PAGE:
Khan would go on to change up his punches and angles in the last 2 rounds, most notable of which via taking advantage of Maidana’s frequent ducking and lunging by incorporating a savage lead uppercut that would stand up the beastly Argentinean and briefly deter his neverending march forward.
To his credit, Khan survived the 10th round as well as any fighter could hope to.
His legs back within the next round, and went on to thoroughly dominate the remainder of the fight, securing his already fairly certain advantage on the scorecards and granting a victory over the interim world title holder.
While that’s all I really have left to say about the fight, it needs to be said that I was thoroughly disappointed in referee Joe Cortez’ officiating in this bout.
While I used to love Cortez as a ref, in recent years I’ve begun to doubt his judgment.
At first I thought it was maybe his age, or some sort of mental debilitation; however nowadays I think he might be “dirty.”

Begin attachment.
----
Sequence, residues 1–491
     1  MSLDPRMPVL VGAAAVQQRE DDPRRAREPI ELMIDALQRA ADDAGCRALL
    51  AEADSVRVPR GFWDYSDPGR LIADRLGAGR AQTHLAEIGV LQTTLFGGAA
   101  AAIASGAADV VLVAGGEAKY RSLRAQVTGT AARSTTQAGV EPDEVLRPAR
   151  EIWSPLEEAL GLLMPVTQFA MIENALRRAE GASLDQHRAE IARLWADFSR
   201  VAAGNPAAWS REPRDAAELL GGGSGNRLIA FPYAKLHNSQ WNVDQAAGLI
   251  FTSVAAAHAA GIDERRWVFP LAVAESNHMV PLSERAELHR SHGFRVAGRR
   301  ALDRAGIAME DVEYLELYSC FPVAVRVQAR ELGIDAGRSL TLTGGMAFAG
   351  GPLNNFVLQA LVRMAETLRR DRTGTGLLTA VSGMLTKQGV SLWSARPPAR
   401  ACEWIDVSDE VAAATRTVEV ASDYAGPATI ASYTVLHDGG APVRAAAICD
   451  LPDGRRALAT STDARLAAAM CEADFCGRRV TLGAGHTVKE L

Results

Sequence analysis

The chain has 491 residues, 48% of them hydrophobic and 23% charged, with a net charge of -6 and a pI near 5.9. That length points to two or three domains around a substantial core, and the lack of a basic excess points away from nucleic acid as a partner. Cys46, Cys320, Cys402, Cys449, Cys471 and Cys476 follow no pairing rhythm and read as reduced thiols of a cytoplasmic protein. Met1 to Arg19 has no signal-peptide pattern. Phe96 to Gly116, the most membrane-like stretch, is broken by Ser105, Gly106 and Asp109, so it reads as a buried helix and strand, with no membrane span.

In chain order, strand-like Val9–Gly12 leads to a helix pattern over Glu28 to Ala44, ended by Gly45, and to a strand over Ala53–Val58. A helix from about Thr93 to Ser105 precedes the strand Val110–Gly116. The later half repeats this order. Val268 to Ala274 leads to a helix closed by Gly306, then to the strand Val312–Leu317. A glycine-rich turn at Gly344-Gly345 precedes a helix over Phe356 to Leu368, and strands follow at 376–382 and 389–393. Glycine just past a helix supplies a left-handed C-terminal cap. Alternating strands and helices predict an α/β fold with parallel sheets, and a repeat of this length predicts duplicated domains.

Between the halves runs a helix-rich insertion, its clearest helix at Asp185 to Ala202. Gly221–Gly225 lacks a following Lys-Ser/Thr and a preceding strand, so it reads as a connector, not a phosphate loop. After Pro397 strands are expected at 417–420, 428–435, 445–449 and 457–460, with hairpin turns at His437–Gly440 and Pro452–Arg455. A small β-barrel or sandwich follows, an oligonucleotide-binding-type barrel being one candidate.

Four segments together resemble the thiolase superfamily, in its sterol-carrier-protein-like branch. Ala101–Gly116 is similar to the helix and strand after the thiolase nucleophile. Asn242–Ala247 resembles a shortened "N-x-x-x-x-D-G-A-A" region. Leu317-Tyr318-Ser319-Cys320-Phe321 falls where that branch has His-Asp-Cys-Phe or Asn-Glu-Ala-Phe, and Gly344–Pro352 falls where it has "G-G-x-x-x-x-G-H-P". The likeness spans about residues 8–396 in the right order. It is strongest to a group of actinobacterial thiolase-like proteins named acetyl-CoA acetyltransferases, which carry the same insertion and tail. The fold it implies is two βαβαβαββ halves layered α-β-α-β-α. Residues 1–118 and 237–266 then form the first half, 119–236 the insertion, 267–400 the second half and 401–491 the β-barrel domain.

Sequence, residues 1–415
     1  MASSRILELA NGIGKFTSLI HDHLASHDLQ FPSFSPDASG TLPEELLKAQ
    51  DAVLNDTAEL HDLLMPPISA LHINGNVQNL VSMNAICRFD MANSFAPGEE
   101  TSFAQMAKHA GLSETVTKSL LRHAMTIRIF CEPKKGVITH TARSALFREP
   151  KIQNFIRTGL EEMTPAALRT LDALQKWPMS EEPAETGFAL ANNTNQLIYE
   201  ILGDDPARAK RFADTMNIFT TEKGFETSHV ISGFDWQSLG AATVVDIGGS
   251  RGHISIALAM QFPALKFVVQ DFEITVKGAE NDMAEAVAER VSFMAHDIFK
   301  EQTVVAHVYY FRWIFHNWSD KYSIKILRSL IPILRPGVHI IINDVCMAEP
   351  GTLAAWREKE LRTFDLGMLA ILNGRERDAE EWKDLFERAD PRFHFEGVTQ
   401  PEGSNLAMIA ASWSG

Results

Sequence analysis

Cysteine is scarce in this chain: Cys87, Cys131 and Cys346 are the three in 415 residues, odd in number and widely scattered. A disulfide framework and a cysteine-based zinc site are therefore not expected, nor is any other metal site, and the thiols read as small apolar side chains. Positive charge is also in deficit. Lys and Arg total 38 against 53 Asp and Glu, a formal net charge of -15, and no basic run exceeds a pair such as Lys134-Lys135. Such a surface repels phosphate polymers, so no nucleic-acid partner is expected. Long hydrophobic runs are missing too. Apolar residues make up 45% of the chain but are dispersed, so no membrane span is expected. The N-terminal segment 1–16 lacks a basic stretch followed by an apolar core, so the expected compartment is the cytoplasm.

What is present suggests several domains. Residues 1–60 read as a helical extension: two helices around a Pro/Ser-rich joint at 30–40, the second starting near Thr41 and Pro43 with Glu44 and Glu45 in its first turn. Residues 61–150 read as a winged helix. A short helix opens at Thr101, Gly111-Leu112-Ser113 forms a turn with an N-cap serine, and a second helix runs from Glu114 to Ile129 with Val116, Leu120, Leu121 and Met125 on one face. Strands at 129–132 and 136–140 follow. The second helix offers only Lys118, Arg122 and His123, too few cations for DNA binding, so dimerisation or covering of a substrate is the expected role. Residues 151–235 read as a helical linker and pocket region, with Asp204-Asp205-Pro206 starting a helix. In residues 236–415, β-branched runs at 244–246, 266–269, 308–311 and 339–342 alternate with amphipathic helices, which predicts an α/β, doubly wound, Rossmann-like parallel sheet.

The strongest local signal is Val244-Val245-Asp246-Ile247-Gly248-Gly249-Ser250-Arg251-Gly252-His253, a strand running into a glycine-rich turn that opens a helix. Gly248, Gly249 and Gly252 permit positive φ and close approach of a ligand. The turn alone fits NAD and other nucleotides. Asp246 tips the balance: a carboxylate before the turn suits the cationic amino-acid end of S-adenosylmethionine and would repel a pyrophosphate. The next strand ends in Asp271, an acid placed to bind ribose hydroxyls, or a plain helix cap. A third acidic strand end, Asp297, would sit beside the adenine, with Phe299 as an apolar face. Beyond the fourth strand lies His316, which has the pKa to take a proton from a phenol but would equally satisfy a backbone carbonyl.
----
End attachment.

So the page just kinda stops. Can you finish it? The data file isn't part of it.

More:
No, I don’t think ‘ole Joe is into Sonic the Hedgehog porn; what I mean to say is that I think he might be corrupt.
In the Mayweather and Ricky Hatton fight, he seemed far too quick to break the fighters from clinches, as if he was primed to prevent it.
In this fight, he seemed very pro-Khan.
Maidana is known to be a dirty fighter, and indeed did make frequent use of low blows in this fight, as well as one elbow that cost him a point that may have given him a draw on some scorecards, but he did so while Khan himself implemented dirty tactics.
Khan would hold behind the head and push Maidana down during just about every clinch, and yet I never recall him receiving a warning from Cortez about it, much less an instant point deduction.
I don’t know, maybe it’s just because the trainers in these 2 fights made it a point to drill the point home to Cortez that “these guys are dirty, be on the look out for this, and this…” but something just didn’t smell right in these 2 bouts.
Oh well, I suppose fair and firm is better and safer than say, Frank Cappuccino, who would would allow a fight to go on even if one guy had a Glock and the other was asleep… and in a wheelchair, or Arthur Mercante Jr., who demonstrated in the Miguel Cotto and Yuri Foreman fight that he doesn’t give a shit if one guy can’t stand, he paid to see blood and goddamnit, he’s gonna’ see it!